After what I think is fair to say was a shocking result in the lightweight main event of UFC 257 between Conor McGregor and Dustin Poirier, a question that has been on my mind is that does McGregor’s newfound respectful and friendly leadup to a fight hinder him?

Poirier knocked McGregor out in the 2nd round of their rematch — nearly seven years in the making in Abu Dhabi. Poirier has finally been able to kick the chip on his shoulder from the knockout loss he suffered in the first round of their last fight. One stark contrast between the fights – apart from the result of course – was the manor in McGregor approached the prefight antics.

In the lead up to their first fight at UFC 178 McGregor was on top form hurtling verbal abuse and jabs at the Louisianan, successfully riling him up. Poirier said himself that it was a “grudge match” and he’s “never disliked somebody so much”.

Much has been made or McGregor’s ‘mental warfare’ in the past, with people attributing it to his win over Aldo, getting under the former champions skin so much he uncharacteristically burst out of the blocks against McGregor, only to be perfectly countered and knocked out. This all seemed to be part of McGregor’s plan to dethrone the Brazilian. Make him emotional so he overcommits, and he’ll be there for the counter left. This is evidenced by video of McGregor throwing the exact shot that ended the fight with, in the warmup rooms before the fight.

When watching replays of the walkouts and stare-downs, before their first fight, the Irishman makes a big point of Poirier’s tells of weakness claiming he clearly affected him mentally.

In the lead up to the second fight the two were nothing but cordial to each other, exchanging compliments, being respectful, with plenty of handshakes and fist bumps. Poirier was undoubtedly calmer and more measured in the rematch, coming out less aggressive and following his game plan, pursuing the takedown right away.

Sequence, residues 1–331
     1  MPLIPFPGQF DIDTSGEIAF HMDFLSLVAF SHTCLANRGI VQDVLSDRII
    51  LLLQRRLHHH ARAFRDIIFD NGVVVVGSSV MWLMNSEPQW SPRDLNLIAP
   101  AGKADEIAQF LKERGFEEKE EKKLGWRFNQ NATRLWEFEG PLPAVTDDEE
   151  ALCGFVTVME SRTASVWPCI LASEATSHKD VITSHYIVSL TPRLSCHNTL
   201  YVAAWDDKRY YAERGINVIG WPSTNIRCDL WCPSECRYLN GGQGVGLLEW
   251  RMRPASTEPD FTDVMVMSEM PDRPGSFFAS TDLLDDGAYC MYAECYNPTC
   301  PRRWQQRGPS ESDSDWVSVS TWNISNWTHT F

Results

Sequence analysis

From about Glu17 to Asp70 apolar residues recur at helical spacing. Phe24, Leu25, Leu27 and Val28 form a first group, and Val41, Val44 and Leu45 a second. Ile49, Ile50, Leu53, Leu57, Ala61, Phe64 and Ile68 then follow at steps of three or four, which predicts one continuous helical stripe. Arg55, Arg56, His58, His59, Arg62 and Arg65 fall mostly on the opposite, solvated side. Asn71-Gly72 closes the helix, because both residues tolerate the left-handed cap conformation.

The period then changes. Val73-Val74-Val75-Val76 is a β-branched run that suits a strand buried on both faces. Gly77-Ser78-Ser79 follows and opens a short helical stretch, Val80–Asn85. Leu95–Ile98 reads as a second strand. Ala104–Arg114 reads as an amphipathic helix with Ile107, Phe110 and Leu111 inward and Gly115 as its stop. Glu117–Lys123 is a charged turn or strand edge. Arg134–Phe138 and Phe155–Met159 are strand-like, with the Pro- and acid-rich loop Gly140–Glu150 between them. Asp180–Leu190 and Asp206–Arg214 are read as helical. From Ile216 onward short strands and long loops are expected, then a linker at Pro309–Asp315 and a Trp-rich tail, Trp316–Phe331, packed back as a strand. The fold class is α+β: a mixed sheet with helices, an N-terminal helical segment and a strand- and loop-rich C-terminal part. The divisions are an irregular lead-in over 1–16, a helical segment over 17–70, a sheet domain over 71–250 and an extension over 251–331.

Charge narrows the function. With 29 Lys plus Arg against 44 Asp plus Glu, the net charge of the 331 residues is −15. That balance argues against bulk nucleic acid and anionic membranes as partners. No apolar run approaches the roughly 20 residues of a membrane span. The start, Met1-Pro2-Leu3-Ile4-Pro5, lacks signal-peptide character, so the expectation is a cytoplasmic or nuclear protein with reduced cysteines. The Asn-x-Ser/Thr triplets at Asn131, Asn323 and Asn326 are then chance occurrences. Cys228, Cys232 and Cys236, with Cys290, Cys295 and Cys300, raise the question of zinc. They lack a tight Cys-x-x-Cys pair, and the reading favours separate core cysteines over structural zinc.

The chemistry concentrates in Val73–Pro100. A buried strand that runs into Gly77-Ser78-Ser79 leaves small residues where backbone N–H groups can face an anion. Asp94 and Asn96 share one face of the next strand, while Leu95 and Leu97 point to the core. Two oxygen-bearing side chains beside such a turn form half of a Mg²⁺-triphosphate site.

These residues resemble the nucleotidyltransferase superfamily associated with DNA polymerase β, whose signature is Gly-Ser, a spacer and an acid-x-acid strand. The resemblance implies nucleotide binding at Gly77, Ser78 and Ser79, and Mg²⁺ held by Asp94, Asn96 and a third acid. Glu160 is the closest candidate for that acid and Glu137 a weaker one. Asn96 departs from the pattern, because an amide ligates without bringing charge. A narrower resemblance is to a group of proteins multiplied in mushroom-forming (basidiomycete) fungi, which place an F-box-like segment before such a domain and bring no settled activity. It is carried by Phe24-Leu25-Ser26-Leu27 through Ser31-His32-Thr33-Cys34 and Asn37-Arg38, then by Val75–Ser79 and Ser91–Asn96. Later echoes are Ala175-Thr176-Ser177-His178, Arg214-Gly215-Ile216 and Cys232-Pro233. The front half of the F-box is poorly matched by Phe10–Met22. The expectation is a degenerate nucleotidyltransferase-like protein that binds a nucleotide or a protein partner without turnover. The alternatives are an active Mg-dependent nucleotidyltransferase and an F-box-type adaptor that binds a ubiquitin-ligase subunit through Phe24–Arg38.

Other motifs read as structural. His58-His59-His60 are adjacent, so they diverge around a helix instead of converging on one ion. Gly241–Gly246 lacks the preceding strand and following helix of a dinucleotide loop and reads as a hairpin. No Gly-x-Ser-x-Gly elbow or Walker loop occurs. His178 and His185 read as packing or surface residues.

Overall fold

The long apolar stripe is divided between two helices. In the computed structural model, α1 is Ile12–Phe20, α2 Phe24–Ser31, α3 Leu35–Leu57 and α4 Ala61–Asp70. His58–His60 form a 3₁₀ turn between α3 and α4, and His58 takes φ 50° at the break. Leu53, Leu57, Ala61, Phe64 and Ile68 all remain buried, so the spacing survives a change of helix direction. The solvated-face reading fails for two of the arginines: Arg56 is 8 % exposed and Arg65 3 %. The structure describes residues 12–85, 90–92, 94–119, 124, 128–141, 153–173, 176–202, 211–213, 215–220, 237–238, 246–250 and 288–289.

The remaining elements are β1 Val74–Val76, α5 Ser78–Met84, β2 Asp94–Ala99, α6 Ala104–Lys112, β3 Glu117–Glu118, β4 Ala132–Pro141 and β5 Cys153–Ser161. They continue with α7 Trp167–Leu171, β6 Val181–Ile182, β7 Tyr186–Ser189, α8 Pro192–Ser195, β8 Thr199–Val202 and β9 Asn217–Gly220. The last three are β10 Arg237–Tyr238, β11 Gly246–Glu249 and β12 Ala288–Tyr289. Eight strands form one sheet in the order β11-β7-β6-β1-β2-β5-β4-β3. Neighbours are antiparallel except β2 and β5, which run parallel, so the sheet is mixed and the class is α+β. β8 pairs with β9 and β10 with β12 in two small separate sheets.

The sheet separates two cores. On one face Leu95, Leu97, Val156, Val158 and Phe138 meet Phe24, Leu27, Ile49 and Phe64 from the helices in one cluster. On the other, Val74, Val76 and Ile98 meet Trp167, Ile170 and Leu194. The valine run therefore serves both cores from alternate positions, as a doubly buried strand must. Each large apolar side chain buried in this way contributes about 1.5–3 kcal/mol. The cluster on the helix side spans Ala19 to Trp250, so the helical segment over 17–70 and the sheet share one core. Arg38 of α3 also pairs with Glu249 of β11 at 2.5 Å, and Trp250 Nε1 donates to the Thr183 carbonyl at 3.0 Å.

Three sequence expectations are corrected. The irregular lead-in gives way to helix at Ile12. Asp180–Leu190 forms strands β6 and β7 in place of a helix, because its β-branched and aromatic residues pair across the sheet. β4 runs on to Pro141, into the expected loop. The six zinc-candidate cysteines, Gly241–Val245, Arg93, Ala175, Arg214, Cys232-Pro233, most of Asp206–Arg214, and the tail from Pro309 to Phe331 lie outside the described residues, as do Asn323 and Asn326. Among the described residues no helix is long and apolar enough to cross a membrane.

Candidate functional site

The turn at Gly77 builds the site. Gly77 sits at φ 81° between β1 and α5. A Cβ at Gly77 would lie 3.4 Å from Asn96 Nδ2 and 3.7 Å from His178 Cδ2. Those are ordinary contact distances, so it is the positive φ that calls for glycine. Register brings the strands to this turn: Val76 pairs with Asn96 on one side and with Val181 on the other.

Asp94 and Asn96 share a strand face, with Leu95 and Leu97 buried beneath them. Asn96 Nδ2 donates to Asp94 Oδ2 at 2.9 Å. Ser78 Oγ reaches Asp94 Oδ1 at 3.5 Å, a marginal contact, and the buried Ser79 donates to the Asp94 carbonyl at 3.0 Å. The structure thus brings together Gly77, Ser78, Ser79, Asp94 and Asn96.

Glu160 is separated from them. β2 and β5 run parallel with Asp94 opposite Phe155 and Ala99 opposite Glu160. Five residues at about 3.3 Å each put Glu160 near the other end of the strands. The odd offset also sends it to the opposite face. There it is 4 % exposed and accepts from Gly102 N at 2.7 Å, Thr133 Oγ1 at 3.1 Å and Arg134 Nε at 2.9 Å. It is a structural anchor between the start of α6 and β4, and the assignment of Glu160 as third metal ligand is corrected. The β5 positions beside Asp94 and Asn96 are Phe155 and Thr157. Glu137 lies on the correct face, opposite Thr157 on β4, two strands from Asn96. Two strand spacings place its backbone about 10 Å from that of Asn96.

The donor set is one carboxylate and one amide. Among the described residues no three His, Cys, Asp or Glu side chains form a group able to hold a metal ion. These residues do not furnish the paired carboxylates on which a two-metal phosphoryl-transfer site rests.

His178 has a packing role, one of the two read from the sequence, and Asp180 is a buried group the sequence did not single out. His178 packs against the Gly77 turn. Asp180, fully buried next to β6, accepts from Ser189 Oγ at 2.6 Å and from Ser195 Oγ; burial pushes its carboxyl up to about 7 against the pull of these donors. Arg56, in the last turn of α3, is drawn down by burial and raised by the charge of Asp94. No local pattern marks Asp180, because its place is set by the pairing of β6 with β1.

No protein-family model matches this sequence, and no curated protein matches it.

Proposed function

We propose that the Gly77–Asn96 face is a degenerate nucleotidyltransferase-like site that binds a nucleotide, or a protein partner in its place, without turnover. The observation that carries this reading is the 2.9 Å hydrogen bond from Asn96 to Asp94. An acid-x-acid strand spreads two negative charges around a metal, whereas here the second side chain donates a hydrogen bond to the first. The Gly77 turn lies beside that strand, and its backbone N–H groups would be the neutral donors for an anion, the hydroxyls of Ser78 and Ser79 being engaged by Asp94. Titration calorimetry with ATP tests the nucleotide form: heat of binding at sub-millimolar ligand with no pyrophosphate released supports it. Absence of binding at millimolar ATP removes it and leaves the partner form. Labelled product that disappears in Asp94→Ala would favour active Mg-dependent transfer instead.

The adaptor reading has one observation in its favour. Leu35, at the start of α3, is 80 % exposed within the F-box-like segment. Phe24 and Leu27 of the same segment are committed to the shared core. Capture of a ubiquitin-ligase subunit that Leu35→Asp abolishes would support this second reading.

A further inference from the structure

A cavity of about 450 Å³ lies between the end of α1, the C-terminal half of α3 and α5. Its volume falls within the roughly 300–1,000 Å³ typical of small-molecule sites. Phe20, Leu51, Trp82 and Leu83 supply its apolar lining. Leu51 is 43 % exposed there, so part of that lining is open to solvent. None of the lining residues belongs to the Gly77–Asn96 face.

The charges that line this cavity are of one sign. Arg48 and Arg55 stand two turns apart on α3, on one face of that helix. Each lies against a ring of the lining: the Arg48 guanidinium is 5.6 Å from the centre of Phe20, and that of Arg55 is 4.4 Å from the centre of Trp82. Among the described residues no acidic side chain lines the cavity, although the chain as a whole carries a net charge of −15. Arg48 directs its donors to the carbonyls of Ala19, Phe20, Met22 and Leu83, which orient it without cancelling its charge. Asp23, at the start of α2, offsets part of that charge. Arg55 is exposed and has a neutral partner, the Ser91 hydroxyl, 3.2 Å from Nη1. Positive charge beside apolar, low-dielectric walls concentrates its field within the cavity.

In the first fight, Poirier let his emotions overcome him and it was a contribution to his demise. In his octagon interview this time around Poirier said: “The goal was to be technical and to pick my shots, not brawl at all. I have a big tendency (to brawl)”. McGregor managed to draw the brawler out of him last time but this time without the emotional load of the trash talk Poirier stuck to Mike Brown’s plan landing brutal leg kicks before dispatching McGregor with a beautiful right hook.

Although McGregor took this same respectful approach in the leadup to the Donald Cerrone fight, that one was a complete mismatch, with cowboy being far past his best. None of this is to detract from the drastic improvements Poirier has made in the time since the first fight where he was a 25-year-old perennial contender, at featherweight, to today as a former interim champion. It’s just that so much has been made of McGregor’s trash talk getting into opponent’s heads in the past that it can be said they are better off for being spared the mental trauma he can inflict.

It seems right now that a respectful McGregor is here to stay, although a rematch with Nurmagomedov would surely bring out the old antics of the ‘champ champ’ once again. Its’ hard to say how much of a difference digging at Poirier would have made. He may have just been able to brush it all off and learn from his mistakes from the last time, or simply have just outmatched the less active McGregor anyway.

However, history could have repeated itself and the technical fight Poirier knew he needed to make may have been thrown out of the window and the lightweight division would have a very different look to it today.

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